Arts and Humanities
Tue February 25, 2014
Louisville Film Society Moves to Portland Neighborhood
The latest artistic endeavor to pack up and move to Portland is the Louisville Film Society, which will soon occupy a 32,000-square foot building on Lytle Street (at 15th Street) in the historic neighborhood's warehouse district.
After renovations, the building will house four screening rooms, as well as classrooms and film production space. The organization hopes to have the new facilities open by September
"We’re going to focus on first-run independent films and documentaries, international films, and blockbusters that feature Kentuckians, which is most blockbusters, actually," says Film Society president and co-founder George Parker, Jr.
Parker says the seven-year-old nonprofit organization outgrew its former East Market Street building, the Dreamland Film Center, which became experimental music and art venue Dreamland last month.
"We wanted to make sure our investment had the largest social impact it could," says Parker. "We felt that since Louisville didn’t have a theater west of Ninth Street, this would create the best value and solve a problem for the city by eliminating that void that’s there right now for the surrounding neighborhood and neighbors."
The four micro-theaters will be on the small size - think boutique screenings with bar service and gourmet concessions - that can also serve as corporate event space during the day.
"It’s a different viewing experience than other theaters in town, and I think it’s going to be something the Portland neighborhood and its surrounding neighbors will be proud of having," he says.
The second floor of the building will house permanent production space for local and out-of-town film crews to work and to connect with Louisville's technical and artistic talent, as well as a co-working space for the neighborhood's burgeoning creative entrepreneurs.
Parker says that while the Louisville Film Society has always focused on helping small, hard-to-find and quirky films find an audience, professional development for Louisville's film industry has also been part of the plan. Parker is co-owner of ParkerLane Productions, and he produced the documentary "Raising Ms. President," which makes its Louisville premiere tonight.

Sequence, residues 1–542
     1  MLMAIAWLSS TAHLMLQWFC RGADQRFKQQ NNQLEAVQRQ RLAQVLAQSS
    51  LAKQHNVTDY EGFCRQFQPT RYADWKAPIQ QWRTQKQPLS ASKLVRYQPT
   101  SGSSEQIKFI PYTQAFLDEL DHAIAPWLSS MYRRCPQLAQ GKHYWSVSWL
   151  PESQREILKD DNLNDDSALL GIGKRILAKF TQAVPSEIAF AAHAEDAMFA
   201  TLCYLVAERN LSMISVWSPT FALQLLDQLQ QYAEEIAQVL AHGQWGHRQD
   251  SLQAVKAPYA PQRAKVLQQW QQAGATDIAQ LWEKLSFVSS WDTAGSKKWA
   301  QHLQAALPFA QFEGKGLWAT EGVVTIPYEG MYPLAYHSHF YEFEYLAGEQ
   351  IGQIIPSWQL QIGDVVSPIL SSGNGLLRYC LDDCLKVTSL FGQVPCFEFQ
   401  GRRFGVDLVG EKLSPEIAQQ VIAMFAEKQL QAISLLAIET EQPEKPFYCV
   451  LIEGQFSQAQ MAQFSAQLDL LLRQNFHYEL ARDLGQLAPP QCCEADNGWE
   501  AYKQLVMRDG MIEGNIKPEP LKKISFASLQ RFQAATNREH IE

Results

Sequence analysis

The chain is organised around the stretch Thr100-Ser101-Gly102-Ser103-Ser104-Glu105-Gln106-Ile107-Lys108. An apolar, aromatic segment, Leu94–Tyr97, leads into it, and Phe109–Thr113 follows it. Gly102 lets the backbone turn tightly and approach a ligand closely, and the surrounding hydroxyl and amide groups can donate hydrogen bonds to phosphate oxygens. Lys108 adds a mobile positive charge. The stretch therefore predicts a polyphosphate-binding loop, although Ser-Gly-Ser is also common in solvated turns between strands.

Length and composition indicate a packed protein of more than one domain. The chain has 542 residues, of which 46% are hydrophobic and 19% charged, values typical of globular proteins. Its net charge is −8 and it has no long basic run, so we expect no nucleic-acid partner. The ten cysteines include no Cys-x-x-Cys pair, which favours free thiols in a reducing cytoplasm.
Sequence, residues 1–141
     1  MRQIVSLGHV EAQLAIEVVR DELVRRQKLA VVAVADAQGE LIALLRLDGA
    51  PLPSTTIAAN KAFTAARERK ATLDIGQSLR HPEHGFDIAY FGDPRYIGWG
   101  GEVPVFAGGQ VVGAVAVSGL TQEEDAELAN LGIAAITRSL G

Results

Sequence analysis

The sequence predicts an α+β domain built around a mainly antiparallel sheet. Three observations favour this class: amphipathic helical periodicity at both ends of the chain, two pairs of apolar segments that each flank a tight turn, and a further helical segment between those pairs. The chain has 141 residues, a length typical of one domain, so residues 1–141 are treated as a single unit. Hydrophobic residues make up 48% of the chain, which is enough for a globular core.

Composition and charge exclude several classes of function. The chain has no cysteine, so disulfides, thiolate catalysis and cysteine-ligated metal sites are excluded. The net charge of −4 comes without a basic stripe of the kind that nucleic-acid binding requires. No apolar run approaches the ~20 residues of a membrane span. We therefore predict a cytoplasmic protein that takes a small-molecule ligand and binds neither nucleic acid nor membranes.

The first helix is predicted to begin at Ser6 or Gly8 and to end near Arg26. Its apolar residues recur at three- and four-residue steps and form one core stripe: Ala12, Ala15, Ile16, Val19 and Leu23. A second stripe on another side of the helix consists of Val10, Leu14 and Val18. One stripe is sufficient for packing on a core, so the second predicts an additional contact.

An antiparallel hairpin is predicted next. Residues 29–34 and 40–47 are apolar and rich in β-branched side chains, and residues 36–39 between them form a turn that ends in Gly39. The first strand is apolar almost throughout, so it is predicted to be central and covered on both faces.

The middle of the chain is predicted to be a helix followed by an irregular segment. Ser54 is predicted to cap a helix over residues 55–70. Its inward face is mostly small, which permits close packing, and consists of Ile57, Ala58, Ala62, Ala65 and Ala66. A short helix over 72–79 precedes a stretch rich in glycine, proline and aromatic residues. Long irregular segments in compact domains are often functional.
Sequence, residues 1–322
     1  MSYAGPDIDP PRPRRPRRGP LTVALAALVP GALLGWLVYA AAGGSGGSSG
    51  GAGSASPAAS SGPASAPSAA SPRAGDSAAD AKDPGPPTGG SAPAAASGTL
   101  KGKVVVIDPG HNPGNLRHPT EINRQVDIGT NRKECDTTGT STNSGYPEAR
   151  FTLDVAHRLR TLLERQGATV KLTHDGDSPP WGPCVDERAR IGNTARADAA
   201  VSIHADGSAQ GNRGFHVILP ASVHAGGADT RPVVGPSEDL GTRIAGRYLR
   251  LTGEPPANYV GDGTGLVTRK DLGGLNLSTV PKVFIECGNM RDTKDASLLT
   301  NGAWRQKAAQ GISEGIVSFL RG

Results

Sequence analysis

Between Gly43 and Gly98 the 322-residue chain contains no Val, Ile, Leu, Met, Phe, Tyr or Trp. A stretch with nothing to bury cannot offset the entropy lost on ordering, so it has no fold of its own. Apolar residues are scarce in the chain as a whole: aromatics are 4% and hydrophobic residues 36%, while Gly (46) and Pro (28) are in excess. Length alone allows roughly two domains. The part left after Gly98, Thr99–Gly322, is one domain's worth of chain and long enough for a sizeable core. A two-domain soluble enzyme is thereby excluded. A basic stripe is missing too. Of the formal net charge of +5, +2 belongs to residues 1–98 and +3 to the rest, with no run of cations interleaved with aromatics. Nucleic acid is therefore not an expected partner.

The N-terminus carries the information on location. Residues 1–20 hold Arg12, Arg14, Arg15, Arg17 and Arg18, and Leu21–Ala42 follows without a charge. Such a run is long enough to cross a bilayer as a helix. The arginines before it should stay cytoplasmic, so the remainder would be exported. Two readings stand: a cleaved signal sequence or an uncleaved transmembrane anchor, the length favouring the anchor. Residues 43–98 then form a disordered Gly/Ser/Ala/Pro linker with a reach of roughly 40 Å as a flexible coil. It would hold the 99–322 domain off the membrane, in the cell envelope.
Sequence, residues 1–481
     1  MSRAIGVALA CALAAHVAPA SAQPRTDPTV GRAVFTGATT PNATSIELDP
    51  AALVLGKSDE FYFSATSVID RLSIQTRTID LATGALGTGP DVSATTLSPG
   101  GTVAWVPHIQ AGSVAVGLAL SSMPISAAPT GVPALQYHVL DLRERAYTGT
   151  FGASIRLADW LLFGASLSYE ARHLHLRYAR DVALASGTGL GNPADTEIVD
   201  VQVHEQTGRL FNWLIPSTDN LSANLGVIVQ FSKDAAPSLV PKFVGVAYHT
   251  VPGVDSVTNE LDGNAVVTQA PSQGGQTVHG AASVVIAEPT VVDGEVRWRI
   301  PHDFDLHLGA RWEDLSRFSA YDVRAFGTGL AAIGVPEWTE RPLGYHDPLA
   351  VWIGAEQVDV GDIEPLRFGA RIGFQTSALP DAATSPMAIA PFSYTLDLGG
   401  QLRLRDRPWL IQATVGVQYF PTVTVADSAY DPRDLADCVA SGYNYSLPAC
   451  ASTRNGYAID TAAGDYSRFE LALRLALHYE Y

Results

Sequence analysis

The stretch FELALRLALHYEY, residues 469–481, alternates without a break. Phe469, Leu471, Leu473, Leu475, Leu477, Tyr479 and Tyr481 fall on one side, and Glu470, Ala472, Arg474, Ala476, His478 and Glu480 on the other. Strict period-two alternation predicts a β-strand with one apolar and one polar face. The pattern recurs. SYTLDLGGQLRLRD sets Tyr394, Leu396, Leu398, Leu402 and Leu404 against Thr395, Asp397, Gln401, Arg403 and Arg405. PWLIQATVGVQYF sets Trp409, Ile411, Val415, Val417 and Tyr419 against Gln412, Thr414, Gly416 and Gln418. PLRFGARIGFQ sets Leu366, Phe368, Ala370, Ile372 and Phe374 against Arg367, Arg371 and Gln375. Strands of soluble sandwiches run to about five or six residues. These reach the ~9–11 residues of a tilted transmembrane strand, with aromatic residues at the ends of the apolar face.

"We’re trying to build an entertainment industry here. We feel strongly that a lot more productions could come here." he says. "I wanted to shift the direction back to have the Film Society play a role in not only creating great content like we’ve done in the past with films, but also focus on economic development and really work on trying to create more opportunities for those who currently work in the entertainment and media space."
Parker points out that the building is "ten blocks from our doorstep to the front steps of the Kentucky Center," and that proximity should help the film society as it works to integrate its annual flagship program, the Flyover Film Festival, into the annual IdeaFestival, which is headquartered at the Kentucky Center. The two organizations are still in talks about the formal affiliation, but Parker says it's an important step for the film festival.
"IdeaFestival is a really unique, amazing festival. We’re really fortunate in Louisville and Kentucky to have it," he says. "I think it’s going to allow us to create a more robust and full experience for those who come in."
The new space can be previewed Sunday at the society's first annual Academy Awards viewing party. Jennifer Lawrence's Oscar statue for "Silver Linings Playbook" will be on loan to the organization for the party, and attendees can have their photos taken by Magnolia Photo Booth with the award. The event starts at 7 p.m. and $50 admission includes a year-long membership to the film society.